Connecting with Canadians.
That’s the title for this year’s Canadian Centre of Food Integrity (CCFI) report, unveiled at the recent Public Trust Summit held at Saskatoon, Sask. While some findings of the survey remained constant, other opinions on food and farming have changed significantly.
Paighton Smyth, partner engagement coordinator for CCFI, says that since 2016, they ask the big question of, “Do you think Canada’s food system is on the right track or moving in the wrong direction?”
This year, the research focused on three key areas:
- Public Trust Tracking: Key Issues within Canada’s Food System
- Digital Ethnography: A Deeper Dive into the ‘Investigator’ and ‘Competitor’ Consumer (hear about what digital ethnography is, here)
- Online Conversations: What Messages Resonate with Canadian Consumers
Statistics surrounding which direction the food system is going only had about a one per cent decrease overall for Canada. However, Americans who were asked the same question changed their answer this year by a lot.
“We reached out to our U.S. counterparts and the U.S. CFI said that they’ve been seeing this as an overall increase in social anxiety and concern due to the ongoing contentious political environment and the uncertainty it creates in the U.S.,” Smyth says. “Because of that, the “right direction” has completely decreased, the “unsure” has grown, along with the “wrong direction” has grown for their 2019 results compared to last year.” (article continues below player)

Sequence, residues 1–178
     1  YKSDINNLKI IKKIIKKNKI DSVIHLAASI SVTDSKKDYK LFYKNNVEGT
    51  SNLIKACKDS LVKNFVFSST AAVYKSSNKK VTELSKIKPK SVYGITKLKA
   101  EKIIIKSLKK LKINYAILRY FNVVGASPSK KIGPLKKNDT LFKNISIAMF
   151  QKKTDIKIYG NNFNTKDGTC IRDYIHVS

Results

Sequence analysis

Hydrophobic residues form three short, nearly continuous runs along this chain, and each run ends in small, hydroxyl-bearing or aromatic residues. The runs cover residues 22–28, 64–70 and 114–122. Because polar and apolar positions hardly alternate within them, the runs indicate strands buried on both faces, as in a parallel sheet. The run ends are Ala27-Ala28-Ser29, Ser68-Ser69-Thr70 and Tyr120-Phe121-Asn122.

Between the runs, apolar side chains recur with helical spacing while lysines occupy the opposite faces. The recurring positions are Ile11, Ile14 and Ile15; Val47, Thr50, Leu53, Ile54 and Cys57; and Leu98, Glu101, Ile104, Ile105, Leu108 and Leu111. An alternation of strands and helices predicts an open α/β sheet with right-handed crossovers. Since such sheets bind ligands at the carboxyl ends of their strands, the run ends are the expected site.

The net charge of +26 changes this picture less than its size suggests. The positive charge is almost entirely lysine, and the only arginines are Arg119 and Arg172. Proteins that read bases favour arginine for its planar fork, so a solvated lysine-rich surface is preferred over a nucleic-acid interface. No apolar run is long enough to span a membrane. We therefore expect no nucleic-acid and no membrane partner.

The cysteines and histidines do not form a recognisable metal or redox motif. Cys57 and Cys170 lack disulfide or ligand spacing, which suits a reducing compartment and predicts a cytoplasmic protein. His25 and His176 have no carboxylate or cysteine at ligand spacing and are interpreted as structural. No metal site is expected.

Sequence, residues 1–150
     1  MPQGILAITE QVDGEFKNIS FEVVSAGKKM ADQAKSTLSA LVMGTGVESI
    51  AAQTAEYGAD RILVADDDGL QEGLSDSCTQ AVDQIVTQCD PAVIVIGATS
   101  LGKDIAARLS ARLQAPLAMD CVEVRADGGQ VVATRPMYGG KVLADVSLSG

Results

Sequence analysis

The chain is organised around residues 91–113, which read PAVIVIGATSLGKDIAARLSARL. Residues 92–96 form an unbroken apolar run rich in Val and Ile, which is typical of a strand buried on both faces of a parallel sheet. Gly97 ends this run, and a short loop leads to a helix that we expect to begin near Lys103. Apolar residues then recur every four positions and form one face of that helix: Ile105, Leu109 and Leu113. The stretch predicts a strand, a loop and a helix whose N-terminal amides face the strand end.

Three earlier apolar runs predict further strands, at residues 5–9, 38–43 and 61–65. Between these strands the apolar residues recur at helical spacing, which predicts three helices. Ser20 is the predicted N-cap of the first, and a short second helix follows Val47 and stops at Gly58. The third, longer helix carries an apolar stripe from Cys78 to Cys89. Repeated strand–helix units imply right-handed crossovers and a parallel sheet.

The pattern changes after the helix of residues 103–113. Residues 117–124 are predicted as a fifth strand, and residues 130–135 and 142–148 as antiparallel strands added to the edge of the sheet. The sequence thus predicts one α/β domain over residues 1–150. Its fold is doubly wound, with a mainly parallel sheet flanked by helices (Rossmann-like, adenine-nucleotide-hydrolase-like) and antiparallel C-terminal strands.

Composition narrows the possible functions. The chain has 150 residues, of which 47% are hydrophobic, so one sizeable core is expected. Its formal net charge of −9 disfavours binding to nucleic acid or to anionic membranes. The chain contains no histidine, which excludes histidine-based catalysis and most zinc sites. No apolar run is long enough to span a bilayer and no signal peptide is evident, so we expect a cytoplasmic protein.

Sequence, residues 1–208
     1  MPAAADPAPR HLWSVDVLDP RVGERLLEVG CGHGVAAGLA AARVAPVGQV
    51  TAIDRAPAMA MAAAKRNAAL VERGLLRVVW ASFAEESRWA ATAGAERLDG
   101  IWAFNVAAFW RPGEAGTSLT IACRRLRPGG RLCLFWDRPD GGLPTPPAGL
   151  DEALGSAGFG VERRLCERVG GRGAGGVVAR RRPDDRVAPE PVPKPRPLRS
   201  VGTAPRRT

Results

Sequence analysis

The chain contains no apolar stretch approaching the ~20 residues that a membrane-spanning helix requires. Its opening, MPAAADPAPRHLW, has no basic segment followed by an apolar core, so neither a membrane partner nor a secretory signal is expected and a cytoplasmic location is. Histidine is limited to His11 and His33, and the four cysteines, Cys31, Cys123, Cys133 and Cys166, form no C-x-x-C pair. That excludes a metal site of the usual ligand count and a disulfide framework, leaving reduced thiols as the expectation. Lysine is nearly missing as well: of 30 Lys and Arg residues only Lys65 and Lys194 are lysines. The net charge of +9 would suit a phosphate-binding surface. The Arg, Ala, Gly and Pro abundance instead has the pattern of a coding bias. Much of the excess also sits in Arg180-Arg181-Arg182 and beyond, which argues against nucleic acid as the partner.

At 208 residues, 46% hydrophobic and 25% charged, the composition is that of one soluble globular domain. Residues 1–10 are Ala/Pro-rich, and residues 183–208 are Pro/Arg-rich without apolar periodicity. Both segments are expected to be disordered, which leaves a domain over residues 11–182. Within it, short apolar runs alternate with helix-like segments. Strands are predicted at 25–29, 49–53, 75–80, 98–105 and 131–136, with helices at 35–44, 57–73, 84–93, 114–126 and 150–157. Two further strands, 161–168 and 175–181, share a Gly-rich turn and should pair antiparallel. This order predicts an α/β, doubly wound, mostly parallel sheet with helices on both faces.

Surveyors were also asked about what concerns them when it comes to life in general such as healthcare costs, unemployment, food safety, and food affordability. The top five issues for Canadians remained unchanged for this year (the rising cost of food was the top concern for the fourth year in a row at 64 per cent). Keeping healthy food affordable is the second concern, followed by rising healthcare costs, rising energy costs, and the safety of food imported from outside of Canada.
Other key findings include a large proportion of Canadians claim they know little to very little or even nothing about modern farming and suggest the term aligns more with factory farms, and poor conditions for an animal. On the bright side, 60 per cent of those surveyed are interested in knowing more about the industry.
For the full break down of this year’s report, click here.